Last month, 80 turbines were installed on the roof of El Centro College in downtown Dallas. Photos courtesy of El Centro College.
May 19, 2014
Some innovative thinkers at Dallas County Community College have provided downtown Dallas with a new green spin – the city now boasts Dallas County’s first wind farm. The day before Earth Day, 80 wind turbines were hoisted to the roof of El Centro College's historic nine-story building on Main Street.
According to David Browning, vice president for business affairs, El Centro College purchased the wind turbines, all made in the United States, at a total cost of $240,000, which includes the infrastructure – a metal grid to support the equipment – and the turbines themselves.
“These turbines have a life expectancy of 25 to 30 years, and they will generate enough power to run approximately 2,000 computers that we have in our labs on the main campus,” says Browning. “We should recover the cost of the turbines in about 15 to 20 years – approximately $15,000 to $20,000 annually.”
Browning said the wind farm is somewhat experimental for the wind industry and hopefully something from which not only Dallas, but other cities can learn.
On the day the turbines were installed, students and employees saw a live feed on televisions in the El Centro College Student Center. A link that the public can view was also placed on El Centro’s website.
“Providing the link is a lot safer than having people go up on the roof to watch,” says Browning.
Browning said the getting the wind farm up and running has been a six-year process. During that time several different models were tested. Amarillo-based Hydro-Star Energy assembled the JLM Energy turbines, which were manufactured in California.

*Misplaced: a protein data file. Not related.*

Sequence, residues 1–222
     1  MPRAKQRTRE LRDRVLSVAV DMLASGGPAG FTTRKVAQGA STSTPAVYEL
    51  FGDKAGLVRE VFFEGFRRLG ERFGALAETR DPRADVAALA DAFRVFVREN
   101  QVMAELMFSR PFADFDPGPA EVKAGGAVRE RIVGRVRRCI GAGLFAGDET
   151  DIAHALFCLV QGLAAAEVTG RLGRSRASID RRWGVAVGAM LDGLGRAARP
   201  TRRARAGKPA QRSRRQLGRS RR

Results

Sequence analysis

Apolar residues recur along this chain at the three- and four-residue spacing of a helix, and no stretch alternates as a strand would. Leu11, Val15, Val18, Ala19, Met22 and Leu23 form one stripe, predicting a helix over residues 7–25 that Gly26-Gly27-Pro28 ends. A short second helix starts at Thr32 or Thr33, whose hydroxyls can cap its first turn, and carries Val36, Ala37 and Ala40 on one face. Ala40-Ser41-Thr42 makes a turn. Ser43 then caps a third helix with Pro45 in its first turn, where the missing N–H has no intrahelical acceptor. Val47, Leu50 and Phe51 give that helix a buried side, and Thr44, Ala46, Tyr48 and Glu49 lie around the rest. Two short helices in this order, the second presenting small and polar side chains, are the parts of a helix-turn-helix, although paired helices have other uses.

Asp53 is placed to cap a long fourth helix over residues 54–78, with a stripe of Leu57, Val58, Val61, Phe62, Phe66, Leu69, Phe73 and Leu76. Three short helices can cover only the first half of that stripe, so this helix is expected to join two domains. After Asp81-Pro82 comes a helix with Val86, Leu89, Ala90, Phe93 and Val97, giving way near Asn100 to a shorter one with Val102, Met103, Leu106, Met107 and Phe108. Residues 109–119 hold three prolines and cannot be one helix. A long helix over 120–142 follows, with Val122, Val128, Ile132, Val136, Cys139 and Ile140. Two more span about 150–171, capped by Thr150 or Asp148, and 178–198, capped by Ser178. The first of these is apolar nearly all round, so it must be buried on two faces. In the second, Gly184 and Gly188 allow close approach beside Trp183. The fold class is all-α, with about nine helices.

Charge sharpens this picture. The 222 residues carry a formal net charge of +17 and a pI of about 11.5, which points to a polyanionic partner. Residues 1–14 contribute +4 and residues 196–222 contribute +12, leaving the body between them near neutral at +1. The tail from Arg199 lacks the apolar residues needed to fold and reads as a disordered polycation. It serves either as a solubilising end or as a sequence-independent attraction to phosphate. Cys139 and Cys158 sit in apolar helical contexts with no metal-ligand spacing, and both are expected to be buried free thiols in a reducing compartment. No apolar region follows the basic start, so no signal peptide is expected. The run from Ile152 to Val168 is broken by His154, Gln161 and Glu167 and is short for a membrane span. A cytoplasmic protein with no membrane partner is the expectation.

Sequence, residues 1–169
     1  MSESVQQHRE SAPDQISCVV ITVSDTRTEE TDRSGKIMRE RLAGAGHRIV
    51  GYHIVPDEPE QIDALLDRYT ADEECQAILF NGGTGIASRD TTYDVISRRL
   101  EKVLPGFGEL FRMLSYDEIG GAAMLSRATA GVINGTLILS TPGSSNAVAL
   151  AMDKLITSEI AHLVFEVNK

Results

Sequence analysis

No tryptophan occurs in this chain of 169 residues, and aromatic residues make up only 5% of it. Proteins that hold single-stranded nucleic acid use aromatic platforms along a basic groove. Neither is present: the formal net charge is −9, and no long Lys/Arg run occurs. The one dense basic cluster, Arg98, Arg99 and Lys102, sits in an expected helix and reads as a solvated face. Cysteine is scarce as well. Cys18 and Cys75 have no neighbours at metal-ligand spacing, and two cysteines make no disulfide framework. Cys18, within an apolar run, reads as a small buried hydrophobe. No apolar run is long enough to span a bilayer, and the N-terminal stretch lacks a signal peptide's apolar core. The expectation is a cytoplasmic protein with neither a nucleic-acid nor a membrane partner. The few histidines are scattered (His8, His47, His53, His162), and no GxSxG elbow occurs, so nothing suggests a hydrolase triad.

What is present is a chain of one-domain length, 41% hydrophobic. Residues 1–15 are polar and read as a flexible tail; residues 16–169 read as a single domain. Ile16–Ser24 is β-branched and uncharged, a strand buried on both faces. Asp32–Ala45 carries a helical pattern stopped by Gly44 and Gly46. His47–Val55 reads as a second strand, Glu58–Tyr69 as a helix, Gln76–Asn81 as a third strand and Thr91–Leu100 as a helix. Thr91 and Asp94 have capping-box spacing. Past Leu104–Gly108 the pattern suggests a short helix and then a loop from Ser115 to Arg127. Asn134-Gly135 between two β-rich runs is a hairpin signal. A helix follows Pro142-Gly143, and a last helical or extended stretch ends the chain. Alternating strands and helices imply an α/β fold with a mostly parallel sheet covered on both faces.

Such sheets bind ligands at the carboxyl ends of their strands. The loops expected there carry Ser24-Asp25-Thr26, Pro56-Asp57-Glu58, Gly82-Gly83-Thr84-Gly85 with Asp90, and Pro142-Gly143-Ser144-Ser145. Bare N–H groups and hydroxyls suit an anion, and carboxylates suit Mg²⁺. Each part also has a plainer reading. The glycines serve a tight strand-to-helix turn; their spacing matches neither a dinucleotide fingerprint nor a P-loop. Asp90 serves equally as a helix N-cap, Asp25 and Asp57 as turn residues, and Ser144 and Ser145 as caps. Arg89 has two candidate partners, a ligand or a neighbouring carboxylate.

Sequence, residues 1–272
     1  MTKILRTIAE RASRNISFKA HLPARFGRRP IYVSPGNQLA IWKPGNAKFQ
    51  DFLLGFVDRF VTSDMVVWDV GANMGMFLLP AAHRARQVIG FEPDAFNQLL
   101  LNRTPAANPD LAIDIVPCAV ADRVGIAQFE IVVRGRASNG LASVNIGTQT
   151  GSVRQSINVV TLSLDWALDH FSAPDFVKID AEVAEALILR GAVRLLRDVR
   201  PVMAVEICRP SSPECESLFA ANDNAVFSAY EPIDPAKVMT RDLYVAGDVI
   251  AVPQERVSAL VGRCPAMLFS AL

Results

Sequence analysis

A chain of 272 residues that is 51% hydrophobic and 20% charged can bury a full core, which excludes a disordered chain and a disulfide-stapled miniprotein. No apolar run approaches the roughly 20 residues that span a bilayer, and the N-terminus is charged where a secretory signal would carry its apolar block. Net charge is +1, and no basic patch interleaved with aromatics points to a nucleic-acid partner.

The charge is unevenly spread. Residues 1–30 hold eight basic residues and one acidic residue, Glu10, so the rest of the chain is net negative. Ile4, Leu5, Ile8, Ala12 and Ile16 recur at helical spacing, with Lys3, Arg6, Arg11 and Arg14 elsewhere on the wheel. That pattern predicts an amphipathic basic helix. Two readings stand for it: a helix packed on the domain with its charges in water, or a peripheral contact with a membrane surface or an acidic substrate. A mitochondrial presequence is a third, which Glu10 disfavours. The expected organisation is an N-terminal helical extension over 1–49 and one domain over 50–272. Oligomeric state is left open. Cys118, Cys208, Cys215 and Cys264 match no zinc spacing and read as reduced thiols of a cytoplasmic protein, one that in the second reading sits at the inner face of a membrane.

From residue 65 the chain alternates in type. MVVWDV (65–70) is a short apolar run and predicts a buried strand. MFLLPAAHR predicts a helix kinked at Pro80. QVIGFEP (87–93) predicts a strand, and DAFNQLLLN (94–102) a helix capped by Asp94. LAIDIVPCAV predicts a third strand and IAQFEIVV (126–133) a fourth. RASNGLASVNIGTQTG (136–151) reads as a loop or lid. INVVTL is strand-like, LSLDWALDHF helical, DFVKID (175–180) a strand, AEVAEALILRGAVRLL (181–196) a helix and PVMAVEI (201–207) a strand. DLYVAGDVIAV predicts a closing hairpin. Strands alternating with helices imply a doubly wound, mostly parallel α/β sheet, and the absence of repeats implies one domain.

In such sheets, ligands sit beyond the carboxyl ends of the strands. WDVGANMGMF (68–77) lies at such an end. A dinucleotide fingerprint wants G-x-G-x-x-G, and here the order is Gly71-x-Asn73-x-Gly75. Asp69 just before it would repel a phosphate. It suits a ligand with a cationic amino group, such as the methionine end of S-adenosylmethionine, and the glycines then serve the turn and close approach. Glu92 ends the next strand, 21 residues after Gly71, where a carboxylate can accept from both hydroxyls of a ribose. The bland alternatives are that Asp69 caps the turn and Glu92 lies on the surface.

Now that it's installed, the wind farm will quickly be incorporated into the classrom. Environmental science classes will work it into curriculum, with the potential that students can learn how to prepare, install and maintain the turbines.
Meanwhile, El Centro aims to become a model of sustainability. In addition to installing the wind turbines, the college is replacing 2,000 desktop computers with thin client virtual desktops, which require about eight percent of the energy of an average desktop computer, says Browning. They will save about $120,000 a year in reduced energy costs.
“I’m hopeful that the wind turbines and other things that we are doing will make an impact on students environmentally, challenging them on how to improve their lives and the lives of their children and grandchildren,” says Browning. “It has caused everyone to think that if the wind farm has happened, what else is possible.”